Harrison Middleton University believes that the study of the liberal arts is both timeless and timely because it focuses on the persisting questions of human existence and bears directly on the problems we face today. At a time when more and more adults are recognizing the benefits of lifelong learning, the Great Books of the Western World provides the medium in which to search for fundamental knowledge and unifying ideas.
Harrison Middleton University is a great ideas, great works, great conversations, distance learning university that offers graduate education in the humanities with concentrations in imaginative literature, natural science, philosophy and religion, and social science. Harrison Middleton University promotes student-faculty scholarship through research, discussion, and the development of collaborative publications.
Induction Into Delta Epsilon Tau Honor Society
Harrison Middleton University congratulates graduate Colette McClain on her induction into the Delta Epsilon Tau Honor Society, the premier national honor society for America’s accredited distance learning institutions. The Society encourages and recognizes superior student academic achievement, character and leadership.
Featured Spring & Summer Events
We invite all interested students, staff and friends to join us for our July Quarterly Discussion which will focus on social science. Email firstname.lastname@example.org for more information. We look forward to chatting with you!
The Harrison Middleton University Winter Film series ended with a dynamic discussion over Shakespeare’s Henry V and the Hollow Crown! Please stay posted for information about our fall 2017 series!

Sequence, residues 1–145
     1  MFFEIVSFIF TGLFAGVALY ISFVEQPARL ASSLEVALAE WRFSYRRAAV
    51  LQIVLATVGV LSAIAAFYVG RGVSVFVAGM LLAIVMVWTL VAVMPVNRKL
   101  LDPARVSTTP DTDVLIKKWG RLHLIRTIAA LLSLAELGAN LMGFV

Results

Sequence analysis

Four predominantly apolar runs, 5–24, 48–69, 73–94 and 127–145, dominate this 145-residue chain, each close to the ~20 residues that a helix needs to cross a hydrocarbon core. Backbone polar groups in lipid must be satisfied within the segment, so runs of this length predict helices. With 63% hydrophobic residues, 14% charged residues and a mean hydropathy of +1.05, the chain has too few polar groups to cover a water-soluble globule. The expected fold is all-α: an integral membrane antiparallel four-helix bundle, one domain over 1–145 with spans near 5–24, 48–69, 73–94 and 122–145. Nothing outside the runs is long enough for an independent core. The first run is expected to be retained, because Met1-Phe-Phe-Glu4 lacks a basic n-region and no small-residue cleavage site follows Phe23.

Northwest Great Books Weekend
HMU Dean and Tutor, Marcus Conley, will be attending the 58th Annual Northwest Great Books Weekend event in Tacoma, Washington from June 23-25, 2017. For more information visit the Northwest Great Books website at www.nwgreatbooks.com/event/58th-annual-pacific-northwest-great-books-weekend/.
HMU Tutors, Gary Schoepfel and Rebecca Fisher, will be leading seminars at Toronto Pursuits this summer, July 16-21, 2017. The theme this year is “What can we know?” For more information visit the Classical Pursuits website at www.classicalpursuits.com/toronto-pursuits/.
May 2017 Bi-Annual Newsletter
Harrison Middleton University's bi-annual publication shares information about student graduations and publications, and celebrates student, faculty, and staff achievements! Please share your achievements, and submit them to email@example.com.Read the current edition of HMU: Dialogues
To receive our newsletter, please email firstname.lastname@example.org.
Join the Conversation
At HMU, we want to continue the great authors' conversations in a contemporary context, and our blog will help us do that.
Adam Hazlett, Fenton, MI
"Twain claimed the classics as things everyone wants to have read, but no one wants to actually read; however, with my tutors and mentors at HMU, I was not only able to read these works, I was able to fully and wholly study and absorb them. HMU offered me both the academic flexibility and rigor that I longed for."
– Adam Hazlett
Selection from a Syntopical Discussion
The "Shared Inquiry" or Socratic method is at the heart of Harrison Middleton University's teaching methodology. Participants in the Shared Inquiry process search for meaning, for answers to fundamental questions of human existence raised by primary texts. In the course of conversation, students will work to interpret the primary text, employing critical skills, and bringing their own insights and experiences. Throughout their studies, students will have a series of one-to-one discussions (via telephone or Skype) with tutors over the coursework they designed. Click below to listen to a selection from a syntopical discussion between HMU Tutor Dr. Marcus Conley and HMU Ed.D. student John Reynolds. The discussion as a whole explores the Great Idea of Truth as addressed by authors such as Augustine, Barth, Locke, Bacon, Mill, and Descartes. In the following selection, the participants consider the different attitudes toward figurative language by Locke and Augustine, then begin to discuss the notion of discipline according to Descartes and Bacon.